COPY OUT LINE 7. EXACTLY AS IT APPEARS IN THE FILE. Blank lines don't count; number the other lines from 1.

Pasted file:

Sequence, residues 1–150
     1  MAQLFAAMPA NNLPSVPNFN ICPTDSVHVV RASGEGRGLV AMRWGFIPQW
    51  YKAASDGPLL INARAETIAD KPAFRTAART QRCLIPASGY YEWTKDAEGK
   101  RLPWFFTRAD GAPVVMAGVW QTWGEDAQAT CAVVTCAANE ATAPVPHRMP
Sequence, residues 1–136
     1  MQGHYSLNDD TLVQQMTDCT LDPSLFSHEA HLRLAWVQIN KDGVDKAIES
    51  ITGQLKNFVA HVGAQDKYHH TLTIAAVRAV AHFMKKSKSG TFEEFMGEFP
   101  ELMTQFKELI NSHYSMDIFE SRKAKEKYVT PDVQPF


    51  ITGQLKNFVA HVGAQDKYHH TLTIAAVRAV AHFMKKSKSG TFEEFMGEFP